"Why Madison?" Harrisonburg
One of many points shared was that people at JMU don't say "no" instead they try to help people get to "yes." They try to help students and colleagues who have ideas they want to explore.
Thoughts, hopes and aspirations were a privilege to hear
Tonight's gathering at the Forbes Center for the Performing Arts has been a great kick off to our "Why Madison?" Presidential Listening Tour. It was a real privilege to hear so much input about why Madison matters. We had the faculty, we had the staff, we had alumni and community members—people who really care about this university and about this community—share their thoughts, their hopes and their aspirations.
We're strong, and we can improve
We talked about the great strengths of James Madison University and the difference it makes in people's lives. We also heard feedback about what we can do to improve—areas that we should think about for the future. And that was exactly the point of having an event like this. We plan to have a whole series of these events over the upcoming year, but what a great way to start— to be here in Harrisonburg, to feel the energy, the enthusiasm, the passion for the university. I couldn't be more pleased with the start of this process. I've learned a lot and I hope other people did, too.
There were a number of things that stood out to me. One thing we talked about was that, through the educational process at JMU, people are prepared for lifelong learning.
People at JMU don't say 'no'
I also heard that people at JMU don't say "no;" instead they try to help people get to "yes." They try to help students and colleagues who have ideas they want to explore. If they want to start projects or explore new areas, they are told, "Yes, we can find a way to do that and we can help you." It was exciting to hear that kind of energy, that kind of support from the university community. Instead of saying, "That's not the way we do things here" or "We've always done it this way," the attitude of the university is that "this is an educational institution and that's a great idea, let's see what we can do to bring it to fruition." We heard specific examples from people in several programs and departments. That was really exciting and interesting to hear.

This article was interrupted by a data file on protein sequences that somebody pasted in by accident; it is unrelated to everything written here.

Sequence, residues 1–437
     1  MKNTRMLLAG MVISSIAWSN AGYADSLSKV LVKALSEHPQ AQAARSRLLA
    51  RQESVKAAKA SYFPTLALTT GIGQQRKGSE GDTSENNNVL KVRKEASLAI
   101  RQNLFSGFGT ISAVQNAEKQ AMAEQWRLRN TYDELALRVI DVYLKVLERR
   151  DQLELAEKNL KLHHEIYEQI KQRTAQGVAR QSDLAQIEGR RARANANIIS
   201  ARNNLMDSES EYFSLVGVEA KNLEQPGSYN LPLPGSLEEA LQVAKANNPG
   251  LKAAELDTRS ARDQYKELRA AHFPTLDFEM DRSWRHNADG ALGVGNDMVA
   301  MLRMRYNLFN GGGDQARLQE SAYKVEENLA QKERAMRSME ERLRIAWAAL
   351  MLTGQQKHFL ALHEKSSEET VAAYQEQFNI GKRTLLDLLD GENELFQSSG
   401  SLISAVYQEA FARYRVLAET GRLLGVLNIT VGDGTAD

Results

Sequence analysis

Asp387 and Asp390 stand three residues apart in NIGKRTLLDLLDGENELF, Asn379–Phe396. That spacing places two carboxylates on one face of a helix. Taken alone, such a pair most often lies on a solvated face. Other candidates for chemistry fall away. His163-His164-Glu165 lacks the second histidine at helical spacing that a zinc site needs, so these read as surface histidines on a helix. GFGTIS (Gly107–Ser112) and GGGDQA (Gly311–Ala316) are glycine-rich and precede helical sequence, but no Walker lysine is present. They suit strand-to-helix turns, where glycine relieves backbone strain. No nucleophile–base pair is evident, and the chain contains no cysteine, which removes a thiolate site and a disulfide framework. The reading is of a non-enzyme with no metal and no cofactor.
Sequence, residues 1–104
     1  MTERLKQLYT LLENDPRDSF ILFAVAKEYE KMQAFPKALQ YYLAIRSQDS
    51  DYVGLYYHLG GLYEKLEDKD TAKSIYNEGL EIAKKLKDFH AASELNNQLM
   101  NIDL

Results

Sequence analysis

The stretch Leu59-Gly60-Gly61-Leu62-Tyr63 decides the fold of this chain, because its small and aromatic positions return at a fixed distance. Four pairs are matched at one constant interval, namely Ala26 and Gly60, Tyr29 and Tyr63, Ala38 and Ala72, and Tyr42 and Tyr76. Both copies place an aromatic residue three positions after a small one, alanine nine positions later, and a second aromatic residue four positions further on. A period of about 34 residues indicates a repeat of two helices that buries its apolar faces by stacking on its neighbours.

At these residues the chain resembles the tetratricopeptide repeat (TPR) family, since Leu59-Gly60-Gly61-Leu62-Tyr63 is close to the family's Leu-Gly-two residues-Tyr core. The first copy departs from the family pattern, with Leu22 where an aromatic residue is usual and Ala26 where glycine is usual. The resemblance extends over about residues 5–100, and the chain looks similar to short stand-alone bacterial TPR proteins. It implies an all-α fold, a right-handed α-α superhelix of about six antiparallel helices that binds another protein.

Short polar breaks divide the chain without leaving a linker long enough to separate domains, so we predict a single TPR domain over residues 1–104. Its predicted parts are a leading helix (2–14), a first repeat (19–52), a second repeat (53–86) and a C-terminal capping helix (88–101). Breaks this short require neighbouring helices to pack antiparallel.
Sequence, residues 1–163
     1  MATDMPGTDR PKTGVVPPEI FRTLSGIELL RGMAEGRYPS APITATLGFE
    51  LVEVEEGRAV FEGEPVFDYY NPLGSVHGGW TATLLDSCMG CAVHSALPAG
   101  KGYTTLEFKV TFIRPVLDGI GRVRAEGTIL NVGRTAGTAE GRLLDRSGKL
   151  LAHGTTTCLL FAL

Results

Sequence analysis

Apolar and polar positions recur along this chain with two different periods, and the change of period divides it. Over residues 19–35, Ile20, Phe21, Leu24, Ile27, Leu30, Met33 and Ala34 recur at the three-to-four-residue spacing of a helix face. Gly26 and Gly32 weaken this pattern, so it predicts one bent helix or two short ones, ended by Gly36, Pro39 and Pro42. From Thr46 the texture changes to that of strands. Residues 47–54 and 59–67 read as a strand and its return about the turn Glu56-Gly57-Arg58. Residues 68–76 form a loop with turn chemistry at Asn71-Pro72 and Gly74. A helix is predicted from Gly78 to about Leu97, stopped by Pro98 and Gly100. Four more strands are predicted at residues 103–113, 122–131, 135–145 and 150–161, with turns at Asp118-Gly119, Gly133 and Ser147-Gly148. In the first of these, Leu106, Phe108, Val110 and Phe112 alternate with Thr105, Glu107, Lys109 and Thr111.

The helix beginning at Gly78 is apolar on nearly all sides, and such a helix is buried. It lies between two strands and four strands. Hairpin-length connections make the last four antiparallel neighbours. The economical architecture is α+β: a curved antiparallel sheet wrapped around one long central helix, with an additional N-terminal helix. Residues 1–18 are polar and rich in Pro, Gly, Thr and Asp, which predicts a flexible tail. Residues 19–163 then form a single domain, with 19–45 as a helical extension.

Increasing JMU-community interaction
I also appreciated the comments from the community about how we can bring the university into the community—through our faculty and staff and our students—and how we can get the community onto our campus. That's a conversation we need to continue to have and to be very intentional about. We are doing a lot already, but there is much more that we can do.
People really matter
Another thing that came through loud and clear—even as higher education is evolving, as technology has affected how we do our work—is that people really matter. How many examples did we hear tonight where someone mentioned an individual who had made a difference to them or how individual interactions and relationships had made a huge difference to them and how it affected their lives? That is something we don't want to forget about at this university: that even as we think about how we can be more efficient and effective and use technology, we can't forget those human relationships and that the human touch is central to what we do. It is something that JMU has done really well and I think it has made JMU a very distinctive institution.
Informing our strategic planning
What's exciting to me is that this listening tour is a learning process for all of us—certainly for me and the administration of this university. The idea here is to get people talking—about where we have been and where we can go. These conversations will feed into our strategic planning and our visioning of the future as an institution as we set priorities, as we think about where we should put our resources and our energy. We'll get some great ideas out of this process; people will talk to each other; relationships will be formed. There are a lot of things that will be byproducts of this listening process.
After we've gone through this listening process, we will want to reflect back to the community, to tell them what we've learned, what we've heard—the themes, the trends from these conversations. It's something that's just starting—and in some ways it will always continue—but this is a very intentional process at this moment in our history: to think about where we've been and where we can go together.
Thank you to those who attended tonight's reception. Your participation in this listening tour means a lot to me. Your thoughts about JMU are important. If you haven't already, please offer your input about why Madison matters through the submission form on this website.
— Jon Alger